Ketamine and Roc: The Batman and Robin of RSI
Joshua Fountain, ASN, CFRN, CCRN, TCRN
Like Batman, Ketamine is a kick-ass kind of drug that not only is an upscale, suave, pain management drug by day, but also a swift, bat-like induction agent by night. Ketamine also has a boy wonder paralytic sidekick named Rocuronium. Ketamine and Roc are the dynamic duo of rapid sequence intubation, which is the rapid induction and paralysis of a patient with the intent to perform endotracheal intubation (King, 2016). Rapid sequence intubation is used to perform endotracheal intubation without having to risk inflating the stomach through excessive bagging, which can result in regurgitation and blocking of the airway (King, 2016).
Ketamine is a triple threat agent that has dissociative properties, pain management properties and also acts as an anesthetic agent that allows the patient to remain free from pain and awareness during potentially painful and unpleasant procedures, such as RSI (Merelman, et al., 2019). Ketamine has a mildly positive effect on the sympathetic response, resulting in increased tissue perfusion and cardiac output due to a catecholamine surge (King, 2016). Ketamine has been shown to result in fewer episodes of hypotension during the peri-intubation phase as compared to other induction agents such as propofol, fentanyl, or versed. Peri-intubation hypotension directly correlates with an increased risk of mortality (Merelman, et al. 2019). Ketamine should be the induction drug of choice in unstable sepsis patients and patients with asthma or other reactive airway disease Ketamine also has a longer duration of action than other induction agents, approximately 10-20 minutes (King, 2016), thus allowing for additional time to stabilize the patient before additional sedation is needed. Ketamine should be administered at 1-2mg/kg as an induction agent, or per company protocol (Merelman, et al., 2019).
Rocuronium (roc) is a non-depolarizing paralytic agent that results in relaxation of muscles to assist with RSI (Jain, et al. 2019).. Roc has minimal contraindications, the only one being documented allergy to the drug. This lack of contraindications is a refreshing turn from its widely used counterpart, succinylcholine, that has several contraindications, such as glaucoma, burns, hyperkalemia, renal and liver failure, strokes lasting longer than 72 hours, and history of malignant hyperthermia (Hager & Burns, 2019). Roc is also shown to be cardiovascularly stable and does not result in a decrease in cardiac output or hypotension. Roc has a relatively rapid onset (1-2 minutes) and a moderate duration of action (20-30 minutes). Dosing is typically 1mg/kg when used for RSI, or per company protocol (Jain, et al., 2019).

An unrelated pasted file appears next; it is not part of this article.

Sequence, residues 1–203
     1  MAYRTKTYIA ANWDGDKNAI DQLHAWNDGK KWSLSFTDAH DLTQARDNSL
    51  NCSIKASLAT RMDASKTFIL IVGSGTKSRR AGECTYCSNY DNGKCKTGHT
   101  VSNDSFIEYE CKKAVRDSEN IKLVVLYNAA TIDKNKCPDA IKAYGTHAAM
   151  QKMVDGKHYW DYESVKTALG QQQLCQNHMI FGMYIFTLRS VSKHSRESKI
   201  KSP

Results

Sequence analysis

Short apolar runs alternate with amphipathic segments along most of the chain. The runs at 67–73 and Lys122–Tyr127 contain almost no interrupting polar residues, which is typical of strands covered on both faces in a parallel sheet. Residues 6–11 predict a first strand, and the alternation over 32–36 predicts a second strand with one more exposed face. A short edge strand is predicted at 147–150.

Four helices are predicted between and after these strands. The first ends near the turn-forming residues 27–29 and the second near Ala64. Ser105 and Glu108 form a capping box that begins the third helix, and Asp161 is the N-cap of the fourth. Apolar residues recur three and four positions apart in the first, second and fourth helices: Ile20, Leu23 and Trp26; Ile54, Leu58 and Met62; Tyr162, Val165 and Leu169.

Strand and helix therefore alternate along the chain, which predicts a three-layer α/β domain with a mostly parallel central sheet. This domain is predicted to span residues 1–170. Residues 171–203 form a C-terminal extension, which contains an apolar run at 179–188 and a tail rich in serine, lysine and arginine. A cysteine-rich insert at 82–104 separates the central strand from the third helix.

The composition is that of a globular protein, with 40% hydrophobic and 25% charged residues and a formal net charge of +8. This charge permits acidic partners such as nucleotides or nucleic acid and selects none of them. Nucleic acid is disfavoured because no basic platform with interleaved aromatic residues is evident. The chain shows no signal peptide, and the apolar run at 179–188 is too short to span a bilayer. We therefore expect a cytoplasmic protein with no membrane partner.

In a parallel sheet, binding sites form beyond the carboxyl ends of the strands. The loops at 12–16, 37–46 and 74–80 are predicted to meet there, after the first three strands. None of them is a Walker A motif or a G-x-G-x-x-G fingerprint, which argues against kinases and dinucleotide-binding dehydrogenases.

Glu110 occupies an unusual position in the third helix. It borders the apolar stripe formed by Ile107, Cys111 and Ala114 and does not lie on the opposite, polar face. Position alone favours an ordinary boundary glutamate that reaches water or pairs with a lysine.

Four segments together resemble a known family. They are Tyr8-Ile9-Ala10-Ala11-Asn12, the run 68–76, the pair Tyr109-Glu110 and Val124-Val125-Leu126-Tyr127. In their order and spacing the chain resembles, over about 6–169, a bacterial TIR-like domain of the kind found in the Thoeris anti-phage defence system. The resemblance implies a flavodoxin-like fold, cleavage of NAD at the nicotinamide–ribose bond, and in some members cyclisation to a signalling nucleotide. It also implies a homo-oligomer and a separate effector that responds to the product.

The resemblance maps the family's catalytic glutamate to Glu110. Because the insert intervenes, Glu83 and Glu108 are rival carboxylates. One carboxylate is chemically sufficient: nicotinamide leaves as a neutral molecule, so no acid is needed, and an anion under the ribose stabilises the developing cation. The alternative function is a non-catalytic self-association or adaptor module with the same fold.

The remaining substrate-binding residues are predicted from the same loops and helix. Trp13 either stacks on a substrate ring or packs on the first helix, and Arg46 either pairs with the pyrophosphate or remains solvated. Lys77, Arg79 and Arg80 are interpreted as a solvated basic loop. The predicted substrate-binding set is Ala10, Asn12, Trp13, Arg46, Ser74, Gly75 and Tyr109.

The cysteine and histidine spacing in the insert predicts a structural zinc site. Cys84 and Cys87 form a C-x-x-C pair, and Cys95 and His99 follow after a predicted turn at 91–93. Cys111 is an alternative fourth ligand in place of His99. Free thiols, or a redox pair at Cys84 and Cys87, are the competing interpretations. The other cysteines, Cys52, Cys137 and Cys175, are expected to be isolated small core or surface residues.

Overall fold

Ketamine and Roc are the perfect combination of drugs for RSI as they both have little to no contraindications for use. They also provide cardiovascular stability and prevent hypotension during the peri-intubation phase. Preventing hypotension during the peri-intubation phase is paramount in increasing the survival rate of the procedure (Merelman, et al., 2019) The best part is that dose calculation for these drugs is easy as they both can be given at 1mg/kg, which can be easily calculated during a potentially stressful situation.
- Hager, H., Burns, B., (2019). Succinylcholine chloride. StatPearls. retrieved from https://www.ncbi.nlm.nih.gov/b…
- Jain, et al. (2019). Rocuronium. StatPearls. retrieved from https://www.ncbi.nlm.nih.gov/b…
- King, A., (2016). Rapid sequence intubation: Basics for medical students. EM Resident. Retrieved from https://www.emra.org/emresiden…
- Merelman, et al., (2019). Alternatives to rapid sequence intubation: Contemporary airway management with ketamine. West Journal of Emergency Medicine. 20(3). 466-471. Retrieved from https://www.ncbi.nlm.nih.gov/p…
Big thank you to Jay’s Brick Blog for the photo!